The obvious answer to this is that there would be a contradiction if we supposed these predicates to be simultaneously true of the same event, but that this is not what we suppose at all; we apply them to the same event successively. McTaggart considers this answer, and his rejoinder to it is that it escapes the contradiction only at the cost of launching us on a vicious infinite regress. We say of a contemporary event that it is present, has been future, and will be past; and what this means, according to McTaggart is that the event is present at a present moment, future at a past moment, and past at a future moment. But then the same difficulty arises with respect to these moments. Each of them is assigned the incompatible predicates of being past, present and future. We can again try to escape the contradiction by saying of the moments in their turn that they are present at present moments, past at present and future moments, and future at past and present moments, but then the same difficulty arises with respect to this second series of moments, and so ad infinitum.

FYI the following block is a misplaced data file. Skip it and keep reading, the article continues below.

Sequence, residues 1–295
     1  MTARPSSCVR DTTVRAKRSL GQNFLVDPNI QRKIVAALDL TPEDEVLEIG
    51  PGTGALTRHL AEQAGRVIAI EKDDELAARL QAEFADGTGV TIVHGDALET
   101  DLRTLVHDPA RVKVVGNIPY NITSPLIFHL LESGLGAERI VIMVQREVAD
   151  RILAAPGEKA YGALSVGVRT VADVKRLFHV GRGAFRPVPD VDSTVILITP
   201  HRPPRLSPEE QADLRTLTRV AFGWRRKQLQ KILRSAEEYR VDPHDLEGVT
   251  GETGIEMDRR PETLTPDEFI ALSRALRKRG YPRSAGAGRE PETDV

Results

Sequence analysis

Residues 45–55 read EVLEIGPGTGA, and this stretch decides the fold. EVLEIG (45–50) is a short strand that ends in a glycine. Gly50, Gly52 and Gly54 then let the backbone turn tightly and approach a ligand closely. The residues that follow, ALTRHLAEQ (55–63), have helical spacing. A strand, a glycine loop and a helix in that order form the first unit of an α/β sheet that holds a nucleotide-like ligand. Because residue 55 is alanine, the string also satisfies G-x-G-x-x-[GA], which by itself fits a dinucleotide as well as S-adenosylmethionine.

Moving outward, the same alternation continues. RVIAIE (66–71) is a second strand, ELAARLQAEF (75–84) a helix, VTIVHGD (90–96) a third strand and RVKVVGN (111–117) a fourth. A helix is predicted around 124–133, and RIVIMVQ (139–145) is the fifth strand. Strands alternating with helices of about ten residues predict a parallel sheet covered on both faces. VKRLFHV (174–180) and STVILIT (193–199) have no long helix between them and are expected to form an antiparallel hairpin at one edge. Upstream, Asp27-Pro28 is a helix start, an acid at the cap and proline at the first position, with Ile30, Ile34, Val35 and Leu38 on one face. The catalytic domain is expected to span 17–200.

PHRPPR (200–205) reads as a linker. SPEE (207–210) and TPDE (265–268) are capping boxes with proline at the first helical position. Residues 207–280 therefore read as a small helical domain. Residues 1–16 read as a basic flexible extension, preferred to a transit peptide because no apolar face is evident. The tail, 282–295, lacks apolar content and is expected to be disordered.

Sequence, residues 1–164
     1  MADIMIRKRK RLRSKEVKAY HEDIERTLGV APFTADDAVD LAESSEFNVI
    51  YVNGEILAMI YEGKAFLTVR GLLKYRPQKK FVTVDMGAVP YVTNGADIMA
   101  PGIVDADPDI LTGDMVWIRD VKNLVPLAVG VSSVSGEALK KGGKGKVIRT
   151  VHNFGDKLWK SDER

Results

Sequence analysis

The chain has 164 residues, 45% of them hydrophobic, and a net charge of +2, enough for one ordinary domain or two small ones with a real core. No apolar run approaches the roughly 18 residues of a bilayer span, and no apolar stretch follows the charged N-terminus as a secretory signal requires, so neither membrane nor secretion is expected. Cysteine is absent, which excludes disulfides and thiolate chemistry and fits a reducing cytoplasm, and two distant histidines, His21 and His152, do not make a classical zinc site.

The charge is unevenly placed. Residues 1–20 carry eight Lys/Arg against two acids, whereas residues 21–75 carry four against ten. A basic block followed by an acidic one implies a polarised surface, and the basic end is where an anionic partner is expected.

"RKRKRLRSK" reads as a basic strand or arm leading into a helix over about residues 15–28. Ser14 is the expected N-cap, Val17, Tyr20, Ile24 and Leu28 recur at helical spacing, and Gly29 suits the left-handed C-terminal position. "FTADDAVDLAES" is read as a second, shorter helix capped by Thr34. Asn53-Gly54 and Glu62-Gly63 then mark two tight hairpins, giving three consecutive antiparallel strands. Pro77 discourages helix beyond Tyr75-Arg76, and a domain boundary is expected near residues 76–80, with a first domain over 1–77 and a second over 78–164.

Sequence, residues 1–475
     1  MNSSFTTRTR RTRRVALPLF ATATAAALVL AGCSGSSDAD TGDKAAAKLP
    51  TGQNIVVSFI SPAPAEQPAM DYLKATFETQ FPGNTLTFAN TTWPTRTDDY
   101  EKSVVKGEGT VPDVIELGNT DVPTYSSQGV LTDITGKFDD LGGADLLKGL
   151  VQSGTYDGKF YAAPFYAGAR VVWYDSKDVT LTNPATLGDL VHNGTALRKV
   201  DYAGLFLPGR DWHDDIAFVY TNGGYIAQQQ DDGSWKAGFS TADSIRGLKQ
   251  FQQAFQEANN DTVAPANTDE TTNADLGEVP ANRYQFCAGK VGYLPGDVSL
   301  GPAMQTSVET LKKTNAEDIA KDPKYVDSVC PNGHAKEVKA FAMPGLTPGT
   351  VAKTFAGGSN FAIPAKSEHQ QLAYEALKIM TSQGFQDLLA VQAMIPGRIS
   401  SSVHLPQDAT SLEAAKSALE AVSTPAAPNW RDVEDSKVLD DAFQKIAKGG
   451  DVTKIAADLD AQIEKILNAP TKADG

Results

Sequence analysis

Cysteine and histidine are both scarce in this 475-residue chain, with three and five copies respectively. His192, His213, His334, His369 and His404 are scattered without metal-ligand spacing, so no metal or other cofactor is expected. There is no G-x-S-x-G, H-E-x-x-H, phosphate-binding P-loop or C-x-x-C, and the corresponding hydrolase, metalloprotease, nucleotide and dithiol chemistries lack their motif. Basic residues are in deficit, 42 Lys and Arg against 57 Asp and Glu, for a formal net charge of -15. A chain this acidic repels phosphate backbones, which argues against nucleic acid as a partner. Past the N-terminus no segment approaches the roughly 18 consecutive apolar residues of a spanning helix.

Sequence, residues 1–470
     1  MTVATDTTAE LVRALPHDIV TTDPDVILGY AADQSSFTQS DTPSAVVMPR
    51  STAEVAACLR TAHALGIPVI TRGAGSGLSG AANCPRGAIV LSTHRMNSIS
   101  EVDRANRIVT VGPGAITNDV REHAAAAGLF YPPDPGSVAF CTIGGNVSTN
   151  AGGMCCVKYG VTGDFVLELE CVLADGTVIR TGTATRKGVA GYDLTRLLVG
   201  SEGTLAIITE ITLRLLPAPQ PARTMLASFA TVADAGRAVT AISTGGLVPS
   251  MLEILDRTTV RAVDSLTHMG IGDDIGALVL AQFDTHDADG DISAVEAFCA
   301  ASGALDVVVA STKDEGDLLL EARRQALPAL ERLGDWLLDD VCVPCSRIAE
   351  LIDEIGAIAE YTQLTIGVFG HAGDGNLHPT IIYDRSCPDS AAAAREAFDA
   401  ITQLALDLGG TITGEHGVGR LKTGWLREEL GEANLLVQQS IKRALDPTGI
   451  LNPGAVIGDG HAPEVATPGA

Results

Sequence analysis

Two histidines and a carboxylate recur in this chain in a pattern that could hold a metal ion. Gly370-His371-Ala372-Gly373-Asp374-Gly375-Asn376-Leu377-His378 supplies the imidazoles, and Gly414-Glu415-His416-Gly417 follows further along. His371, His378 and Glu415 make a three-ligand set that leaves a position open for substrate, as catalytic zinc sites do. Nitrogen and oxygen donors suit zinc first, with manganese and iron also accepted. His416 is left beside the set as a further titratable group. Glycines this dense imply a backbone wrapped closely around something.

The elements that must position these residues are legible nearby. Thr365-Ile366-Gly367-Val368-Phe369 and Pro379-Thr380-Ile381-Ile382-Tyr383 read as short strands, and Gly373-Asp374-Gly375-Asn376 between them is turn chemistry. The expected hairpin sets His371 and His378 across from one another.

The argument still seems sophistic, but it does pose a problem. So far as I can see, there are only two ways of meeting it. The one which I favour is to deny the contention that the predicates of being past, present and future cannot be reduced to the predicates of temporal order. If we take this course, we shall have to maintain that what is meant by saying of an event that it is past, present or future is just that it is earlier than, simultaneous with, or later than some arbitrarily chosen event which is contemporaneous with the speaker's utterance. On this view, the passage of time simply consists in the fact, which is itself non-temporal, that events are ordered in a series by the earlier-than relation. The passage of an event from future to present to past merely represents a difference in the temporal point of view from which it is described. This analysis has the effect of assimilating time to space, and it is, indeed, for this reason that some philosophers object to it. They feel that the river of time has somehow been turned into a stagnant pond.